An outline history of mountaineering in Japan – the early years
Japanese alpinism was born on 17 August 1902. This was the day when two Tokyo salarymen scrambled to the top of Yari-ga-take, a 3,180-metre peak in what one of them would soon rebrand as the “Northern Japanese Alps”.
Kojima Usui, founder of the Japanese Alpine Club
Nothing much was novel about climbing a high mountain in Japan – pilgrims, hunters and even tourists had been doing that for centuries. Only the motivation was unusual. One of the salarymen, a young bank clerk named Kojima Usui, put it like this:
I had long thought of climbing Yari-ga-take.
Why was this?
Because Yari is high, Yari is sharp, and Yari is steep.
These were the words with which Kojima started his “Inspection of Yari-ga-take” (鎗ヶ嶽探検記), a nine-part write-up that ran in Bunko, a literary journal he helped to edit. Readers may have sensed a modern vibe – to climb a mountain simply because it is there.
A year later, Kojima and his climbing companion, Okano Kinjirō, were invited to tea with Walter Weston, an English missionary who had also climbed Yari. This meeting sowed in Kojima’s mind the idea of forming a Japanese alpine club. With help from his growing circle of friends, this association came into existence as the Sangaku-kai (“Alpine Club”) in October 1905 – it added “Japanese” to its name some years later.
Japan’s newly affluent middle classes had already started fanning out into the mountains for recreation. As early as 1898, for example, Kanazawa’s Fourth High School established a “travel club” (ryokō-bu) to organise excursions into the nearby hills. And in the same year, Kōno Toshizō and Okada Kunimatsu made the first recorded Japanese ascent of Shirouma-dake (2,933 metres).
Like any mountaineering club, the Japanese Alpine Club brought like-minded people together, some hundreds of them in just its first year. And like many another new institution in Meiji Japan, it sought to imbue its members with a sense of modernising purpose:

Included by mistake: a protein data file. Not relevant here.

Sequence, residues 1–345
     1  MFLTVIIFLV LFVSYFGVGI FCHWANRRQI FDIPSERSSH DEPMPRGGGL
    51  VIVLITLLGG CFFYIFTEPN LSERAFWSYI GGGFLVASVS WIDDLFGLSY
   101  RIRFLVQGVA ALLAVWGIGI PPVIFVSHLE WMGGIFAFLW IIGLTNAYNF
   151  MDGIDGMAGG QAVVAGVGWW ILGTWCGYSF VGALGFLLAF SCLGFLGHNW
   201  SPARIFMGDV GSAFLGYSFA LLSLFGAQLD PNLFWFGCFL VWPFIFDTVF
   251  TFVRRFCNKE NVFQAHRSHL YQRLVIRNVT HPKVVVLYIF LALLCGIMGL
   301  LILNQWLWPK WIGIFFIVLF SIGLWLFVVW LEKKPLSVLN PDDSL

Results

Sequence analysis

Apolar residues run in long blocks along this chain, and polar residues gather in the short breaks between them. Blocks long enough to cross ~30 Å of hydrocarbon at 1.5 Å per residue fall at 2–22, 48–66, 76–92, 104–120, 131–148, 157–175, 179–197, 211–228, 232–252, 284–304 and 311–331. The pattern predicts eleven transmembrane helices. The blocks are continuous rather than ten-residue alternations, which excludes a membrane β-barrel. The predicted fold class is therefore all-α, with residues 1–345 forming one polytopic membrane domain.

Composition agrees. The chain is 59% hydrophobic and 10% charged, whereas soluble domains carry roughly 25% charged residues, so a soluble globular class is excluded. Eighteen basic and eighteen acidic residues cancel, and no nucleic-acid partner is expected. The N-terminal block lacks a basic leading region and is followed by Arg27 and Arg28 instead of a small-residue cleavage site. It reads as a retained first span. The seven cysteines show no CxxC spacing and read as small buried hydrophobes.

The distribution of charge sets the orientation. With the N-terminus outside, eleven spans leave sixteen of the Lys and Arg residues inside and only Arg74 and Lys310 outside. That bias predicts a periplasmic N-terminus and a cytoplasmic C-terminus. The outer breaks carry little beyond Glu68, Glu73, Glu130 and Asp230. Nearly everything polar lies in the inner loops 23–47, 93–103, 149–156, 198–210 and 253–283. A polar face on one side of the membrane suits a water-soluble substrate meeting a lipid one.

The poets Byron and Wordsworth, and other great scholars such as Tyndall and Humboldt, went climbing in the Alps, and forty-nine years ago, the British Alpine Club was founded. In this way, the mountains have become a new frontier, a place to exercise noble spirits, firmness of will, and strength of body and mind.
These words appeared in the first edition of Sangaku, the new club’s journal. This too was patterned on an English model, that of the Alpine Club’s Alpine Journal, a copy of which Weston had shown to Kojima at their fateful tea party.
Now opened what Kojima termed “Japan’s golden age of mountain exploration”. In 1906, the year after the Sangakukai was formed, Kojima led a party over the ridges between Tsubakuro, Jōnen and Chō-ga-dake in the Northern Alps. One of their aims was to verify that a mountain called Otenshō-dake really existed.
For accurate maps had yet to be published, although the Army surveyors were busy doing the groundwork. Thus, mountain travel was still spiced with the tang of exploration. In writing up this trip, Kojima was the first to use the word “jūsō” (縦走) to describe a long traverse across high ridges, now a standard term in the Japanese hiking lexicon.
There was even a golden year within the golden age. According to Kojima, this was the exceptionally productive season of 1909. In July, Sangaku-kai members climbed rugged Tsurugi, a first for amateur mountaineers. On the summit, they found the survey marker erectedtwo years previously by the Army surveyors.
Such encounters were frequent, given that all of Japan’s high mountains had been climbed before. So there was base alloy in this golden age. Kojima had borrowed the term from the early European alpinists, who’d fought their way to the top of icy unclimbed peaks. In Japan’s golden age, by contrast, there were no first ascents left to do.
Still a golden age is what you make of it. In the same memorable summer, Udono Masao, a civil servant on leave from Korea, achieved what was almost certainly the first crossing of the Dai-Kiretto. No monk or Army surveyor had ever ventured onto this bracingly exposed ridge between Kita-Hodaka and Minami-dake in the Northern Alps.
This age of exploration lasted until the century’s mid-teens. That was when the Army surveyors finished publishing their 1:50,000-scale maps of Honshū’s remotest mountains, stripping them of their mystery. Kojima’s very own golden age ended in 1915, when his bank posted him to its Los Angeles office. By the time he returned, in 1927, Japanese mountaineering would be utterly transformed.
Main sources are Wolfram Manzenreiter’s “Die soziale Konstruktion des Japanischen Alpinismus”, Beiträge zur Japanologie, Band 36, Vienna, 2000 – this is the first and so far only study of Japanese mountaineering history in any western language – and the Yama to Keikoku illustrated history of Japanese mountaineering (目で見る日本登山史 by 川崎吉光、山と渓谷社), Tokyo 2005.